• Foreign buyer property banForeign commercial enterprises and people who are not Canadian citizens or permanent residents would be prohibited from acquiring non-recreational residential property in Canada for two years. This would not apply to refugees and people authorized to come to Canada while fleeing international crises, certain international students on the path to permanent residency or individuals on work permits residing in Canada.
  • GST/HST on assignment sales by individuals – All assignment sales in respect of newly constructed or substantially renovated residential housing would be taxable for GST/HST

In addition to the above tax measures, Budget 2022 proposed to develop and implement a Home Buyers’ Bill of Rights and national plan to end blind bidding. This Bill of Rights could also include items such as ensuring a legal right to a home inspection and ensuring transparency on the history of sales prices on title searches.

ACTION: Consider the expected timing of implementation for each of these measures and the impacts on purchases or sales.

Principal Residence Exemption: CRA Project

In early 2022, CRA began to send out education letters in respect of individuals claiming the principal residence exemption (PRE) in the British Columbia region. Often, regional projects such as this are used as pilots for subsequent national projects. As CRA has indicated that they have a larger overall focus on real estate transactions, similar or extended versions of the project may be coming.          

The letters advised that the taxpayer or their representative review the return and adjust it if necessary. The letters also stated that an agent would follow up with a phone call to answer any questions.

There appears to be multiple versions of the letters, with multiple triggers. For example, one version noted that it was sent because the taxpayer claimed the PRE for two different properties over two years (2018 and 2019, potentially reviewing whether business income was being generated from flipping activities). Another version was sent because the taxpayer claimed the PRE and also reported a reduction in gross rental revenue (presumably looking at whether the residence was actually a rental property).
ACTION: If such communications are received, a tax advisor should be promptly advised. Letters that appear strictly educational can turn into costly audits. Inappropriate and untimely responses may lead to adverse assessments in addition to penalty and interest charges.

CERB/CRB:  Eligibility Verification

Over the last year, CRA has increased verification activity in respect of eligibility for the Canada Emergency Response Benefit (CERB) and the Canada Recovery Benefit (CRB). As a result, a number of disputes have hit the judicial system. One of the focus areas has been the prior earnings test. To be eligible for either CERB or CRB, an individual must have earned at least $5,000 of income from certain sources (such as employment, self-employment or parental benefits) in 2019 or in the 12-month period preceding the day on which the application was made (or in 2020 for CRB claims made in 2021).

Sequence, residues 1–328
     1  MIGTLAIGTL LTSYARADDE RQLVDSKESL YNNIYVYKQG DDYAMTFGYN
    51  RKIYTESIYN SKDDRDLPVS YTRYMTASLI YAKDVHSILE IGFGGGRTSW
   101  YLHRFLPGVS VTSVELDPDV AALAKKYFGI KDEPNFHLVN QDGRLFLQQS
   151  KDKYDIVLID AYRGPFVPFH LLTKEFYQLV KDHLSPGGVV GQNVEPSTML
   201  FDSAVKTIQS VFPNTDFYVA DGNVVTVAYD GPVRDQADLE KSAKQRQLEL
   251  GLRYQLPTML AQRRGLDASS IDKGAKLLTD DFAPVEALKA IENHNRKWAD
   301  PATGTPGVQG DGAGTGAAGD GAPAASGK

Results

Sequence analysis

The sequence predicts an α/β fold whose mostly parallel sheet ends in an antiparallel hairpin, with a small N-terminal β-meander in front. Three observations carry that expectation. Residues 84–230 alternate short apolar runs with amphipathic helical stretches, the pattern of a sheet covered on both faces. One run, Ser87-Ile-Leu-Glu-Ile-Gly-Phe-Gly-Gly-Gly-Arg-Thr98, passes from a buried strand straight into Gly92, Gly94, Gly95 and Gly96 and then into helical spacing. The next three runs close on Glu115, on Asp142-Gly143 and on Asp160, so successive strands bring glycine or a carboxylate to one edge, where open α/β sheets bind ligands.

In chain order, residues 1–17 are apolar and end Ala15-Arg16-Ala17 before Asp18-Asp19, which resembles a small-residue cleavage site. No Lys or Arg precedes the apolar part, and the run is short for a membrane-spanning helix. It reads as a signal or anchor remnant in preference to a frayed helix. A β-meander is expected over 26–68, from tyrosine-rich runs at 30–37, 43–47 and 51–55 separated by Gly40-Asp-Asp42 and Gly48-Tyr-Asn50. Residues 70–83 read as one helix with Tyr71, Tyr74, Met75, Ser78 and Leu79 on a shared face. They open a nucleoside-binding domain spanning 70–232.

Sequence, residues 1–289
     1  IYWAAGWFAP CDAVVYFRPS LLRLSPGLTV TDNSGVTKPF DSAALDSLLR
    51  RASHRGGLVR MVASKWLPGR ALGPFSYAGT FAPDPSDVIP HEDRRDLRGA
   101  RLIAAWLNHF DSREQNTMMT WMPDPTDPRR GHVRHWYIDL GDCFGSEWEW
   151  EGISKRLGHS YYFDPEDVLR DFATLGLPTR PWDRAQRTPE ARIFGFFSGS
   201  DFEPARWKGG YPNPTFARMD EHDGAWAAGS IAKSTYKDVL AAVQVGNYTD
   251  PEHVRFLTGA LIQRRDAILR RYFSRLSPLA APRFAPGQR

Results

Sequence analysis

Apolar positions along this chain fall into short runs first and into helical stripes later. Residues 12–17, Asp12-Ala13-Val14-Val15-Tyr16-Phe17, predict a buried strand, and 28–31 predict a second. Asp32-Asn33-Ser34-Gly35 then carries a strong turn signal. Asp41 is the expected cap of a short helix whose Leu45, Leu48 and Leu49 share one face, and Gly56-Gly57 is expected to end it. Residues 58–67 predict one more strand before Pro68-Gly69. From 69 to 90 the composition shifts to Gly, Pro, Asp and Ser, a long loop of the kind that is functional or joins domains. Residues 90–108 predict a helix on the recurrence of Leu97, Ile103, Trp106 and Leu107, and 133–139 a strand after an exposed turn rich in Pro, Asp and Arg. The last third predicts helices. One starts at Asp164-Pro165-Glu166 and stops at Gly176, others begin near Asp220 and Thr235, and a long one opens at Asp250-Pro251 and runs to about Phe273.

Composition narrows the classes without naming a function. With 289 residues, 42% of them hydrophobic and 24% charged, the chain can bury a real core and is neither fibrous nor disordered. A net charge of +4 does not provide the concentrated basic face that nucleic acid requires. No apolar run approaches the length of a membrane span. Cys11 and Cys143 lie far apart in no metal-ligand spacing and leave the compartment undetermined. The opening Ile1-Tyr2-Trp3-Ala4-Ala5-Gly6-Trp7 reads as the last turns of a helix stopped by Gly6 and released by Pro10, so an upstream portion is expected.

Acceptable evidence to substantiate a claim can include the following:

  • for self-employed individuals or subcontractors, detailed invoices for services rendered, which include the date of the service, who the service was for and the applicant’s or company’s name;
  • documentation for receipt of payment for the service provided, e.g. statement of account or bill of sale showing payment and the remaining balance owed;
  • documentation showing income was earned from carrying on a “trade or business” as a sole proprietor, an independent contractor or some form of partnership;
  • contracts;
  • a list of expenses to support the net result of earnings;
  • proof of advertising; and
  • any other documentation substantiating $5,000 in self-employment income.

Where an individual is denied benefits, they can request a second-level review from CRA. If this is still not successful, the taxpayer’s only recourse is to apply to the Federal Court for a judicial review of CRA’s decision.

In the cases below, the courts found that CRA’s decision to deny benefits was reasonable. In one case, the court stated that the above list of acceptable proof to substantiate a claim is not an exhaustive list and that CRA may ask for further support. Specifically, the Canada Recovery Benefits Act states that “an applicant must provide the Minister with any information that the Minister may require in respect of the application.”